For enterprises these days, taking real-time data and harnessing them for valuable insights is a key process. Data replication tools and software make this possible without disrupting business operations and the incoming flow of fresh data. It is a different way of dealing with data compared to traditional methods.
Consider that your business has a mobile application whose community of users is exponentially growing. The wise thing to do is to collect as much available data as you can in order to come up with actionable points for improving your service and growing the business further.
However, analyzing such data could be time-consuming and complicated, and you wouldn’t want to utilize your master database for such processes so as not to disrupt the application’s performance. Coming up with a separate business intelligence (BI) database is an ideal solution, where the application data is copied and made ready for analysis.
Usually, data is merely “dumped” into this dedicated BI database. This means exporting data from the master database and importing it into the BI database periodically, i.e. every 24 hours or so. This is the practice of many companies, and unsurprisingly so because it is the easiest method.
However, as the volume of data grows, this technique becomes unwieldy and more time-consuming as the amount of data that needs to be moved from the master database into the BI database grows. This takes longer and longer time, defeating the the purpose of being able to analyze such data to make quick business decisions.
This sort of “big data” is what many companies deal with today, in a data-hungry economy that is constantly online for activities like e-commerce, Internet-based entertainment, and social media. The data generated in such activities is immense and fast-moving, and is increasingly difficult to manage and analyze.
Change Data Capture
A more effective and viable data replication approach is change data capture (CDC). Here, instead of dumping whole databases to update information, only the data changes are tracked and captured from the master database. These changes are then applied to the BI database to keep everything in sync.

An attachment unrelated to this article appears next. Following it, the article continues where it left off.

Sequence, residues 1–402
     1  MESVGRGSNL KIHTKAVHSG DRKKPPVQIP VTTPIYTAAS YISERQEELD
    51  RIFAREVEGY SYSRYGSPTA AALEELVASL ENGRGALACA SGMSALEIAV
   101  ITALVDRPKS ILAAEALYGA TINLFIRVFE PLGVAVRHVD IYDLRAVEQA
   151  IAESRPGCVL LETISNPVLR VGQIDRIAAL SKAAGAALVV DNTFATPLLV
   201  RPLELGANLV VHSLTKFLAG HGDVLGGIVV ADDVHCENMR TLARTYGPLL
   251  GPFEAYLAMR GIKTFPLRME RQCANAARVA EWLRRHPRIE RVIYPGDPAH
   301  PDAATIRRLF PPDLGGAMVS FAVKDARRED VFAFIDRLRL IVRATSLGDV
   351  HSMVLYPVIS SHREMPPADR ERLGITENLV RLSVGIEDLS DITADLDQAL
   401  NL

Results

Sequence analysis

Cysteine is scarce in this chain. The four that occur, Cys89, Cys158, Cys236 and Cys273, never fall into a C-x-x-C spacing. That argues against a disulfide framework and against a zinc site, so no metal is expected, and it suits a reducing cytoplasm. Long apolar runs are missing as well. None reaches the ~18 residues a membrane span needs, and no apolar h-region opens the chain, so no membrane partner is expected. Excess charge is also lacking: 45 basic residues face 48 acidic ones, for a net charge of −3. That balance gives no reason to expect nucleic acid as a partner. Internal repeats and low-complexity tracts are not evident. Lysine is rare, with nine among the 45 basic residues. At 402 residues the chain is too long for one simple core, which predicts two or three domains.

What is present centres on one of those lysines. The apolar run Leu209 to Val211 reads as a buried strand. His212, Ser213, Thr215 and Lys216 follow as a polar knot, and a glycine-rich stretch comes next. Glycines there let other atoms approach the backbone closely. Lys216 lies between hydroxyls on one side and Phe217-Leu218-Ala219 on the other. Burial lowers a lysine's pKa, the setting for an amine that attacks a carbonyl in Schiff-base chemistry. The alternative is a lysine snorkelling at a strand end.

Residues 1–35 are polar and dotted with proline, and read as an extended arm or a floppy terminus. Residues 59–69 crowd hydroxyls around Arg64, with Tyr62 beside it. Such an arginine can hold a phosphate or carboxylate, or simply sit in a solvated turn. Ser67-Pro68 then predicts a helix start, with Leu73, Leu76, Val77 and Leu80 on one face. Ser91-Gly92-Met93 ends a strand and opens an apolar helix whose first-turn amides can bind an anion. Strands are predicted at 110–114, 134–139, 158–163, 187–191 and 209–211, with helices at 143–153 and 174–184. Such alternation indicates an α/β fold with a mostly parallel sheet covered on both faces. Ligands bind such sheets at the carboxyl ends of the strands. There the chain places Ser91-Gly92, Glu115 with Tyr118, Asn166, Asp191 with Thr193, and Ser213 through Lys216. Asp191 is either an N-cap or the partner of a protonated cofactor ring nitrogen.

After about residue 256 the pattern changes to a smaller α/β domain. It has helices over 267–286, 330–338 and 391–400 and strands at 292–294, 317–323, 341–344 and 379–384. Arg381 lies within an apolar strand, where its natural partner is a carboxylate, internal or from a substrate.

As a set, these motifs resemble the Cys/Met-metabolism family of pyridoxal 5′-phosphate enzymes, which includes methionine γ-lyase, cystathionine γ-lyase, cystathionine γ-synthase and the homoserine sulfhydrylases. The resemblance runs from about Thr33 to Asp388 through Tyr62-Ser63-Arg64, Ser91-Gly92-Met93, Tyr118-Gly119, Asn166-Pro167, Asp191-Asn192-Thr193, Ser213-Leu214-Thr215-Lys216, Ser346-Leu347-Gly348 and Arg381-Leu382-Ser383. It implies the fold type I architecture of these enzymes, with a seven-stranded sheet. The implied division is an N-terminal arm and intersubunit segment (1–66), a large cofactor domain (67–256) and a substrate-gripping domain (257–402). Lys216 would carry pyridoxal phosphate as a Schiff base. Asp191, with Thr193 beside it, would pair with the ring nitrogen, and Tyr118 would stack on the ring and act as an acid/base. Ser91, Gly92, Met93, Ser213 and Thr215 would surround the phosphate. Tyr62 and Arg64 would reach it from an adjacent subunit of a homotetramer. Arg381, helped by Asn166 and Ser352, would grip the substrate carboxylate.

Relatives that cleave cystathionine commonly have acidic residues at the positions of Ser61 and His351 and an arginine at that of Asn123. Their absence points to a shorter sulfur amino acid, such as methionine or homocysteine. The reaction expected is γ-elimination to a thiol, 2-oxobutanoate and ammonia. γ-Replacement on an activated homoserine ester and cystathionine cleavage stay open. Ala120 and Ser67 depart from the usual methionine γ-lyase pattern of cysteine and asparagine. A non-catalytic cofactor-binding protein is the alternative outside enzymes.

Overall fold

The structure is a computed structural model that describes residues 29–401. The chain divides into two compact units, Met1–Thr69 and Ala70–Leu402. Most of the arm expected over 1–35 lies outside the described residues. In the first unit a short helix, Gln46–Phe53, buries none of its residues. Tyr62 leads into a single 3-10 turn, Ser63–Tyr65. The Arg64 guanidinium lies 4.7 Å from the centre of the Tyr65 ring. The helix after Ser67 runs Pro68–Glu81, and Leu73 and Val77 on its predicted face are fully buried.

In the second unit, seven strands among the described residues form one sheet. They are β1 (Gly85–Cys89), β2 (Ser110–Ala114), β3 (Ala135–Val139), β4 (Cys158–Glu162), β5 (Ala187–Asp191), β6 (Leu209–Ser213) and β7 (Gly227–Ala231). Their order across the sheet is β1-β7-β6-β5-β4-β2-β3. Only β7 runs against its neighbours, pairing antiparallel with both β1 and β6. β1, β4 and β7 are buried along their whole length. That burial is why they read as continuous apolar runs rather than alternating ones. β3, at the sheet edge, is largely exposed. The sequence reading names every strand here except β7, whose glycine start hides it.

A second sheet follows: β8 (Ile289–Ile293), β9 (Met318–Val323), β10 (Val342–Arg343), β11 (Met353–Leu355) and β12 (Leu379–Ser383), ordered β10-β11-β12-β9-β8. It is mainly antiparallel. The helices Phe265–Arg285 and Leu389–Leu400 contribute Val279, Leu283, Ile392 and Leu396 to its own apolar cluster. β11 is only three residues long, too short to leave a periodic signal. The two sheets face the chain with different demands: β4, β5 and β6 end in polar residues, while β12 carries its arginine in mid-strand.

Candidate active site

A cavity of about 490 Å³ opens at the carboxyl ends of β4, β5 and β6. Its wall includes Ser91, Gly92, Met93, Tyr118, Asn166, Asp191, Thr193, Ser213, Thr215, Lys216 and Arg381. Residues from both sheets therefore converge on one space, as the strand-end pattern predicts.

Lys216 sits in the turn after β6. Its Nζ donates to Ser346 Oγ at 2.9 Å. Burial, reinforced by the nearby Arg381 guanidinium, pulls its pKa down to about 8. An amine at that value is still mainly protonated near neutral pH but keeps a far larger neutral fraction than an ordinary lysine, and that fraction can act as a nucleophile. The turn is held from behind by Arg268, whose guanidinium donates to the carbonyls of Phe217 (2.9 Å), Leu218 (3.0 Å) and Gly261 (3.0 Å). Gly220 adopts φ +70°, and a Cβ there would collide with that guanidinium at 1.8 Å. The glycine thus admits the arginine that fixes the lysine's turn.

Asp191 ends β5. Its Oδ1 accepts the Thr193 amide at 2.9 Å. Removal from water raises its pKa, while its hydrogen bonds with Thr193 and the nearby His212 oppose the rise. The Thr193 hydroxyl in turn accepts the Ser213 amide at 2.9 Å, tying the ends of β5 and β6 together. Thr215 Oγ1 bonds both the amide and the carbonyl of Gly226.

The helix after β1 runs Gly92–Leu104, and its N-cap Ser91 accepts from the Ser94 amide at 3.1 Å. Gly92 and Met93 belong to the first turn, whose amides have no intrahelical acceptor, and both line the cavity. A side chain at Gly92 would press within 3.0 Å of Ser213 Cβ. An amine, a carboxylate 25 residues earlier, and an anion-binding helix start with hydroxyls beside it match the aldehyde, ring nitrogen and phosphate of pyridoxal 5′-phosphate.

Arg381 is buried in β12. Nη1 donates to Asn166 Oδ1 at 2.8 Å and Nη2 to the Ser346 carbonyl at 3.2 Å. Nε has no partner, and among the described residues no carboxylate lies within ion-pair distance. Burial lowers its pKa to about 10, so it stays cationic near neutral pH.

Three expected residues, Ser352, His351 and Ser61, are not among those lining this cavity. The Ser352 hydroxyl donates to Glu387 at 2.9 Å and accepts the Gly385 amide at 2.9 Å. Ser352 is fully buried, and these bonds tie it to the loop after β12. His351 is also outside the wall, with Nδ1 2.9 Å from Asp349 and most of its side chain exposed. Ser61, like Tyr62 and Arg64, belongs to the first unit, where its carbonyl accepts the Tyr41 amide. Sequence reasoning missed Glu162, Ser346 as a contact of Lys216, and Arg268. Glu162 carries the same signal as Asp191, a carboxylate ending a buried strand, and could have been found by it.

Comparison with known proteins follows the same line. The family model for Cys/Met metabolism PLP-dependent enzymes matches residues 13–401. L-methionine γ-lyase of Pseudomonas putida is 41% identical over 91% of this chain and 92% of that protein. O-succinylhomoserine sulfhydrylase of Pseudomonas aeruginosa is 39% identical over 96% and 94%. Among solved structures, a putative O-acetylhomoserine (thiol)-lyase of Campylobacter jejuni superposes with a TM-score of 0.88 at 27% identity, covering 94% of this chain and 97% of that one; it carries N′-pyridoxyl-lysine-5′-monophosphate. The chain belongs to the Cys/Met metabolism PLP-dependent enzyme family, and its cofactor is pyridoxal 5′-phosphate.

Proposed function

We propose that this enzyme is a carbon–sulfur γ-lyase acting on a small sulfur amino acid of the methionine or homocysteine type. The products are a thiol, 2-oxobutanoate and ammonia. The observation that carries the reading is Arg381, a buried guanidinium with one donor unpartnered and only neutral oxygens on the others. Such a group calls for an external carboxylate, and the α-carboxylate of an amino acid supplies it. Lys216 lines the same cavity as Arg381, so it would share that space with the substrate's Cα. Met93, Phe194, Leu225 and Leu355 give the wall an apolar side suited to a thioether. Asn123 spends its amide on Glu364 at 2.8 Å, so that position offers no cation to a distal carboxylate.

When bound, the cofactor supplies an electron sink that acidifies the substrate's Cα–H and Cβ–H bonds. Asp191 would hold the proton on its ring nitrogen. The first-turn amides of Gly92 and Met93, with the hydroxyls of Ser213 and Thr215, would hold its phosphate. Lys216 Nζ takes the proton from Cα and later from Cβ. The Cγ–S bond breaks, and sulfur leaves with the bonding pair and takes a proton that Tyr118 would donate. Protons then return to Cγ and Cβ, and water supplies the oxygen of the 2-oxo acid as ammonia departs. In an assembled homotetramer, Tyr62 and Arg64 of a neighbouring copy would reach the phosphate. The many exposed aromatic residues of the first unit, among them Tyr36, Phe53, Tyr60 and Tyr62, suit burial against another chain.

As you can imagine, this technique is much faster and is able to cope with the influx of information in near real-time capability. Since data changes are the only ones being tracked, the processes involved are much less, and the system can adapt to growing volumes of data.
There are many ways to identify database changes, such as looking at the time of modifications or the general differences between the main database and the BI database. Database triggers can also be utilized, where certain changes in the main database sets off replication.
There are many pros and cons to these different methods, but these days, most companies favor a log-based CDC approach where the databases are kept in sync through transaction logs or a history of changes made to the data. This technique is beneficial especially for big data or systems where a lot of transactions are made.
Tracking database changes
So just how can your organization benefit from understanding the changes happening in your database?
- It provides you valuable insight into aspects such as consumer behavior, customer satisfaction, sales processes, and the like. These enable your business to quickly adapt to trends or anticipate change.
- It enables you to review the previous state of your data, and learn from errors or incorrect processes. You can also backtrack to analyze and diagnose certain issues.
- Keeping data history is usually mandatory in many industries today, such as banking, finance, healthcare, etc.
Data replication solutions and data analysis are truly indispensable for business owners today for the wealth of information that real-time, big data provides. Be sure to find the right data solutions that are tailor-fit for your organization’s needs and requirements.